- What certification/permit does the school have?
- Is the program/facility big or small? How many kids are in each class?
- What is the daily schedule like?
- How many hours do kids attend each day/week? When are vacations?
- Are there any special programs or additional things offered? (lunch bunch, etc.)
- Can parents volunteer? Are they required to volunteer? What does that look like/require?
- Are there any additional expectations required of parents?
- How many teachers/assistants are at the school? What is the ratio of kids to adults?
- What sort of training or background experience do the teachers/assistants have? How long have they been working at the school?
- What sort of food is served at the school? Or do you send food/snacks? How are allergies handled?
- How is discipline handled?
- How do teachers/assistants communicate with you (especially about challenging behavior)?
- Do the kids seem to be happy and enjoying themselves?
- Are the teachers communicating with the kids and other adults in positive ways?
- What sort of activities do the teachers have set up?
- Is the environment safe? (alarm on door, clean supplies child-locked, etc)
- Are the bathrooms easy to get to? Are the toilets appropriate for the kids?
- What are the rules on potty training and how are potty accidents handled? If kids don’t need to be potty trained, who changes diapers?
- How does tuition work? How can you pay (online/check/direct deposit)? What happens if you pay late?
- Are all the educators/staff CPR/First aid certified?
- What is the sick policy?
- If the teacher or other staff are sick, who is the substitute?
- What curriculum is used or how are the lessons planned? What skills are taught?
- How are kids assessed? How is progress communicated? Are there parent/teacher conferences?
- Do you see books? Are books available in a variety of locations for the kids to use?
- What does the outdoor space look like? How often are kids able to go outside and play? What happens when it rains?
- Who is allowed to visit/volunteer at the school? What sort of interaction do they have with the kids?
- What does the school community look like? Are there social activities outside of the school day for families?
You may not want to ask all of these questions, but hopefully many of them will be answered as you tour the school and hear about it. You also want to do a “gut check” and analyze how you felt about the school and the people you met after you visit.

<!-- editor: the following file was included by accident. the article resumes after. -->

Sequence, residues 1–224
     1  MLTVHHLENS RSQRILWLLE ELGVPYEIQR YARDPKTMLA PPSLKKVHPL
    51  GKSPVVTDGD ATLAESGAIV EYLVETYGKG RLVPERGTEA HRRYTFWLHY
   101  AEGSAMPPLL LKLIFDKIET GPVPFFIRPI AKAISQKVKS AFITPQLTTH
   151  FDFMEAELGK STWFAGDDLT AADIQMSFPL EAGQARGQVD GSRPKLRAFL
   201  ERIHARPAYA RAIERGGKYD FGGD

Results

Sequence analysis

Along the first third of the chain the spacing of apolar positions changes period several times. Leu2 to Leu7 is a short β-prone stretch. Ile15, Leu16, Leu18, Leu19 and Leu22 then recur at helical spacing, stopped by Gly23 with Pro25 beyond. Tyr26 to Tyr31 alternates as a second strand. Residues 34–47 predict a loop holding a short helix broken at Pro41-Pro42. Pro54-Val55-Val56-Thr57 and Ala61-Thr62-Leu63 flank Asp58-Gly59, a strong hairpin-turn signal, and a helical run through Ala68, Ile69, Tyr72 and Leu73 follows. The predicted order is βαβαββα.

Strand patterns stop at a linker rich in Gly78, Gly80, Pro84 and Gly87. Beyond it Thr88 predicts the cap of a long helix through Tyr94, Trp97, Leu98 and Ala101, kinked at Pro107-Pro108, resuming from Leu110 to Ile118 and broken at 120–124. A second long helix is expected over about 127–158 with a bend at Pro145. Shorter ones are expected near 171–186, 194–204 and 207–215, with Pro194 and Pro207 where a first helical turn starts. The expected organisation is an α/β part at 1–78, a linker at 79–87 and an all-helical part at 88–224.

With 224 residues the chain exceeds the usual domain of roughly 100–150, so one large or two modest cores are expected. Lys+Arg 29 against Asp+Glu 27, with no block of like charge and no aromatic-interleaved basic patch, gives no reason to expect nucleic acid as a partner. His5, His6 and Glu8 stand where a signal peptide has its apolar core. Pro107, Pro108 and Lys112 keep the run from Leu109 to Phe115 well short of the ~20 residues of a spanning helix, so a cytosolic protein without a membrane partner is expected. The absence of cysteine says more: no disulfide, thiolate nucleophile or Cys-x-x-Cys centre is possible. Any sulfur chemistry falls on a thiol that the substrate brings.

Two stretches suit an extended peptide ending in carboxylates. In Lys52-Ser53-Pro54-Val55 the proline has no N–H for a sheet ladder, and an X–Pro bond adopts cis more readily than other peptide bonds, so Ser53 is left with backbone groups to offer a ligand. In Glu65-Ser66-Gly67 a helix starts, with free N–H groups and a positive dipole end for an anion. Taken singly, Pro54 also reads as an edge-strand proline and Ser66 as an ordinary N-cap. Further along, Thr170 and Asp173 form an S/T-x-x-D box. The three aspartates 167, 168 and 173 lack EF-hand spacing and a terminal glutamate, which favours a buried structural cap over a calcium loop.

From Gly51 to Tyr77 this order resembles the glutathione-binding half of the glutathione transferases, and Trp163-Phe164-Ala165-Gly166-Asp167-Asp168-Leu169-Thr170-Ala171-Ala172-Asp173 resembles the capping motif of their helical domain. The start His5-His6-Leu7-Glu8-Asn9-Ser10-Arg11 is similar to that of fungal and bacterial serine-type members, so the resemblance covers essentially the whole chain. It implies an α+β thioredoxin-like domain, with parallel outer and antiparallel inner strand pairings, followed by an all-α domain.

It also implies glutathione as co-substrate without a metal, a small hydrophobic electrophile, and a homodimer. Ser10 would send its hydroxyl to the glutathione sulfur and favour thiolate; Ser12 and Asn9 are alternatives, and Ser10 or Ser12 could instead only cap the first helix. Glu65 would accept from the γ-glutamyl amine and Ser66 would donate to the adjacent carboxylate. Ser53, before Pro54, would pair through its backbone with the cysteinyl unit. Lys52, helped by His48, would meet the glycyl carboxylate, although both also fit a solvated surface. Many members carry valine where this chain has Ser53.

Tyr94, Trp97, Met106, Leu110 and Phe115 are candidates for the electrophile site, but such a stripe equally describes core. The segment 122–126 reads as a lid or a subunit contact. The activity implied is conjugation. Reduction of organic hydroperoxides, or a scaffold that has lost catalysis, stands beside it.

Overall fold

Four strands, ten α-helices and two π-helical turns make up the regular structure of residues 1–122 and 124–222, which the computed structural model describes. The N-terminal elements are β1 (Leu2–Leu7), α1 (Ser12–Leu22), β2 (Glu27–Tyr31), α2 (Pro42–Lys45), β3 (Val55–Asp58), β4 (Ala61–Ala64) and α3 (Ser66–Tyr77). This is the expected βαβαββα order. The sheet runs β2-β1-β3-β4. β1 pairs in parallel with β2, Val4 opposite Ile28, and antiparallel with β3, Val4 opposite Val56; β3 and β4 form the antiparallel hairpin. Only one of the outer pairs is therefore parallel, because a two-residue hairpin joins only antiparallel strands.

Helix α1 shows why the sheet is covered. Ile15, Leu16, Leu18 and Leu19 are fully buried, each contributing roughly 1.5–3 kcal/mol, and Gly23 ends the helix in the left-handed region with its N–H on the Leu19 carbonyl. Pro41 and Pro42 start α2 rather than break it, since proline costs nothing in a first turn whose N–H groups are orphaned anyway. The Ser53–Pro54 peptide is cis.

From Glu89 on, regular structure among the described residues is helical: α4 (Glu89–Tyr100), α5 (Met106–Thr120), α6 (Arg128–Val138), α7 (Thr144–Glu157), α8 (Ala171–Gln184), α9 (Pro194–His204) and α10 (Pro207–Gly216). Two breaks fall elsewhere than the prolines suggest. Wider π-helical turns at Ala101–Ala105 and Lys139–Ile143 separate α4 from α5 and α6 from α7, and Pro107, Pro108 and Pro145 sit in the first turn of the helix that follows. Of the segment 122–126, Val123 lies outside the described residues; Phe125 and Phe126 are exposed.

If possible, ask any parents that are at the school their perspective on the school as well. What do they like about the school?
Sometimes many questions can also be addressed on a preschool’s website. After reading about the preschool on their website and social media channels, you may also want to analyze how they line up with what you actually observed on the tour.
5. Make a decision.
Once you’ve narrowed down your choices, get your registration materials and get organized. Fill out any forms and turn in any paperwork on time. Some preschools have registration days and even waiting lists if the roster fills up quickly. Be aware of all of the due dates and deadlines so that you don’t miss signing up for the school you want your child to attend.
6. Be flexible.
Sometimes a particular school that you want to attend doesn’t have space. Sometimes you won’t find that “perfect” school that you were looking for. Sometimes the school that works for your best friend and her kids, isn’t the one for you. Start by picking your top 3-4 criteria in a preschool and make a list of a few things that you won’t negotiate on (ie. doesn’t need kids to be potty trained if your child isn’t potty trained yet… or must have a big outdoor play yard). Then, if there are a few minor things that the school doesn’t have, you will at least have made sure that your top criteria were met.
For me some of those top criteria items are…
- Developmentally appropriate curriculum (no worksheets)
- Within my budget
- Large outdoor play area with a lot of movement activities
- Located within our town (no more than 15 min away)
- Allows parents to volunteer/co-op
- Tidy well maintained school with a variety of hands-on learning activities
Other things that I think are awesome include…
- Social parent community/outside of school playdates and activities for parents
- Parent education component (parenting workshops and other trainings offered or advertised)
- Social skills and problem solving support from the teachers
- Focus on great children’s literature and related activities
- Variety of learning opportunities- especially focusing on science, music, cooking, motor skills and art process skills.
Alright, if you’ve hung on all the way through this post, then I’d love to hear from you! What is your criteria for choosing the right preschool for your child? Are there any other important things I am forgetting?
If you’ve already gone through the process of choosing a preschool for your child, how did you decide? Are you happy with your choice? Did your child have a successful experience? Is there anything you would’ve done differently?
Now you may be saying, “It’s just preschool! What’s the big deal?”
To that I will say… preschool is your child’s introduction to school and life outside of your home. I want my kids to have a positive experience in school, so I want to give them a great place as they get started. Some kids will flourish anywhere. Most kids will flourish more if they are in the right supportive environment. I think our kids deserve a great place for preschool, so I think this choice is important.
Good luck as you are navigating this decision-making process! Please let me know if you have any questions that I can help you with.